Review: Alevis in Turkey
This review analyses the recent contributions of Elise Massicard and Markus Dressler to Alevi studies. While Massicard employs methods of political sociology and transnational identity politics, Dressler is concerned with the intrinsic relation between the religious and the secular as well as the place of religion in nation-state building projects. Massicard argues that formulating Alevism is context and actor dependent and shaped simultaneously in its interaction with diverse actors, which she calls “identity movement without an identity”. The emphasis on the audience in defining Alevism might stem from the inadequacy of the universal language of religion to accommodate Alevi expression. Similarly, Dressler argues that the modern Alevi tradition was constructed at the “intersection of Turkish nation building, modern religion discourse and Islamic apologetics” and criticises the modernist discourse on religion such as the heterodoxy/orthodoxy binary for its insufficiency to capture the complexities of different contexts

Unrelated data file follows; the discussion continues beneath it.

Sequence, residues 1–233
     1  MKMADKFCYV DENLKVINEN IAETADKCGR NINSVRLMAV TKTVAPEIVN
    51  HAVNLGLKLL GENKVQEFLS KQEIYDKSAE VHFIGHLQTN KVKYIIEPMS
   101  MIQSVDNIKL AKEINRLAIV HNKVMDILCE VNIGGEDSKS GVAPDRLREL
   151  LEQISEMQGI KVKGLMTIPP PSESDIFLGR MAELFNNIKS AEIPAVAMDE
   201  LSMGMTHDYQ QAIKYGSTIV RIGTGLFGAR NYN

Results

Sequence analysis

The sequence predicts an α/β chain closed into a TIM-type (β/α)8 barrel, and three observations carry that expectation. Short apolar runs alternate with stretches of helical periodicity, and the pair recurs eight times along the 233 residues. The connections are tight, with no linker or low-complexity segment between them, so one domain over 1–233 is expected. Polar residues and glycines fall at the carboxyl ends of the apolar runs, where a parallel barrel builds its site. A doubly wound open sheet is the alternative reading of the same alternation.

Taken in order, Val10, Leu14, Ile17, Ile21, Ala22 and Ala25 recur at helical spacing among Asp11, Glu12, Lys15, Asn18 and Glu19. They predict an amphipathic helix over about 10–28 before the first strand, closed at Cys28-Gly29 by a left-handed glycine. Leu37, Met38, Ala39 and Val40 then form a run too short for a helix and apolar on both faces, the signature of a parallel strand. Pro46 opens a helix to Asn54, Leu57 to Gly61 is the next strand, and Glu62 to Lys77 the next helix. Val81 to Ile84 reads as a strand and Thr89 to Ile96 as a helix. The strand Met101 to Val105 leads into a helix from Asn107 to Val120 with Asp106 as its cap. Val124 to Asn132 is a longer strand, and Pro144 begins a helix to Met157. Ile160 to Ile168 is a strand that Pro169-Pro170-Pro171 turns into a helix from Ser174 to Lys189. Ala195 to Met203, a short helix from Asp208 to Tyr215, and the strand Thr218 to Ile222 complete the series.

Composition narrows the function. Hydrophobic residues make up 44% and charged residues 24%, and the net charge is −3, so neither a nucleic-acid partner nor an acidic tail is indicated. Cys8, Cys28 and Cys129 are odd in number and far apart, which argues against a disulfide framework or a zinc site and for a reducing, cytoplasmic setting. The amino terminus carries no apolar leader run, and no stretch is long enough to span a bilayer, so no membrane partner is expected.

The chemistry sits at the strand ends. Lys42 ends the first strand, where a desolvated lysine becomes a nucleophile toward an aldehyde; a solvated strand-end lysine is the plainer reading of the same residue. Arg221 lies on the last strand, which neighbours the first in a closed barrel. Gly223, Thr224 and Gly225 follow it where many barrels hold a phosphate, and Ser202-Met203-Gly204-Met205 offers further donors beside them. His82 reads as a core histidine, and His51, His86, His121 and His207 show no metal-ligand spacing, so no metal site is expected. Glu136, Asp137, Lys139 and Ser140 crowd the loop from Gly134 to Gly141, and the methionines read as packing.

Volume (Year): 3 (2015)
Issue (Month): 1 (May)
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